Thousands of Syrian refugees will benefit from their legacy. But the friends of slain husband-and-wife Muslim students cannot muster much enthusiasm for the outgoing of support in their memory.
Before he was killed on Tuesday, Deah Shaddy Barakat, 23, had hoped to raise $20,000 to provide dental supplies to Syrian refugees. This summer, his plan was to travel to refugee camps in Turkey with some of his University of North Carolina-School of Dentistry classmates.
By early Friday, more than 6,000 people contributed more than $330,000 to Barakat's donation page. This windfall of donations means that the Syrian American Medical Society, which was collaborating with Barakat on the mission to Turkey, will be able to open two more dental clinics at Syrian refugee camps and fund other medical missions- all in the name of Barakat and his wife, who was recently accepted to UNC's dental program.
“It’s been said that there could be a silver lining," said Dr. Ala Dean Attar, a Chicago-area dentist. Last summer, Barakat had asked Attar, a member of the Syrian American Medical Society, to lead the trip to Turkey. "The tremendous outpouring of support — and you think, 'Wow, $300,000 or half a million is going to go a long way for the refugees.' That was [Barakat's] legacy, that’s what he wanted, but you could never replace such a loss of human life."
Barakat was conntected to Attar, through a mutual friend. Attar had made medical mission trips to Syrian refugee camps and to Syria before, and agreed to help Barakat.
"He asked me to head the mission and really be a big part of it. Since then, we've been talking about it once a week. My whole relationship with Deah was really on the phone, but I feel like I know him like a brother," Attar says. "He was someone who was doing such good work. He was a hero, really. We were really looking forward to meeting each other."
"He's Syrian American. I'm Syrian American. His parents are first-generation Syrian and mine are too. He was very passionate and very commited to doing something about the situation in Syria."
Attar says that despite Barakat's unexpected death, he and the group of UNC dental students still plan to go to Turkey in July.
"But the whole trip has changed now," Attar says. "We are now going to do the trip in Deah and his wife's honor."
Barakat, his wife Yusor Mohammad, 21, and his sister-in-law, Razan Mohammad Abu-Salha, 19, were fatally shot near campus on Tuesday night, and a man with a history of hate speech, has been arrested in the crime.
Barakat and his wife had a history of charity, both to the homeless in Chapel Hill and to refugees abroad. Facebook photos on Barakat's profile show him handing out food and dental supplies to Chapel Hill's homeless community just two weeks before they were killed.
Dr. Zaher Sahloul, president of the Syrian American Medical Society, says it currently oversees 25 dental clinics in Syrian refugee camps. The two new clinics will be in Jordan and Turkey, he says. Sahloul also says that one of their dental clinics — inside the Reyhanli refugee camp on the Turkey-Syria border — was renamed after Mohammad on Wednesday night. Last summer, Mohammad and her mother had volunteered at that dental clinic.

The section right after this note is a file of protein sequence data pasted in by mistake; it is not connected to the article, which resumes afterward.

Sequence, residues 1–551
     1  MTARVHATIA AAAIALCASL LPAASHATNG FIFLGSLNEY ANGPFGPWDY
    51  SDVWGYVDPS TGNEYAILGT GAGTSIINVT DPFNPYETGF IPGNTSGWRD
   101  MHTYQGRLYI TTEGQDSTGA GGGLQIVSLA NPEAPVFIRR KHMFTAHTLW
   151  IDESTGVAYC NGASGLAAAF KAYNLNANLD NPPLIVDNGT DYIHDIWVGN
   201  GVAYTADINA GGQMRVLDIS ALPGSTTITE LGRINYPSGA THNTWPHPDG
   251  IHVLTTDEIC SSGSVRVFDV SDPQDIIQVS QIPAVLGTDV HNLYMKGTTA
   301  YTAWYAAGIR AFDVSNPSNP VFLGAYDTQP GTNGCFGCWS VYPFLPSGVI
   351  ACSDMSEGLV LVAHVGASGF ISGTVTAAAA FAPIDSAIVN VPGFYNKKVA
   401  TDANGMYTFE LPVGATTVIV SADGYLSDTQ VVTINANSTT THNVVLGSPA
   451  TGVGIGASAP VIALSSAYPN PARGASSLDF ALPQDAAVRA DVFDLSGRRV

On Wednesday night, Layla Barakat stood before thousands of grief-stricken people, just hours after her son and her daughter-in-law were killed by a man police identified as Craig Stephen Hicks.
"You don't respond back by hating the other. You respond back by love. By peace, by mercy,'' Layla Barakat said late Wednesday.
According to a press release from the Chapel Hill Police Department, officers were responding to a report of gunfire near the Chapel Hill campus on Tuesday night and found Barakat, Mohammad and Mohammad Abu-Salha dead.
As the news broke, Muslims around the world sent social media buzzing. Tweets and posts on social media sites, like Facebook, have been going viral with the hashtag #MuslimLivesMatter. But many are now using other hashtags such at #ChapelHillShooting and #withMuslims.
Police arrested 46-year-old Hicks and said a preliminary investigation reveals a parking dispute preceded the slayings.
Not so, said the father of the slain sisters, Mohammad Abu-Salha. "It was execution style, a bullet in every head," Abu-Salha tells newsobserver.com. "This was not a dispute over a parking space; this was a hate crime. This man had picked on my daughter and her husband a couple of times before and he talked with them with his gun in his belt. And they were uncomfortable with him, but they did not know he would go this far."
Hicks appeared Wednesday, briefly, before a judge, requested a public defender and was denied bail.
The families of the victims created a Facebook page called "Our Three Winners" that highlights the lives of their children. The page already has more than 147,000 "likes."
Barakat and his wife were part of local organizations that provided dental supplies to the homeless population of Chapel Hill.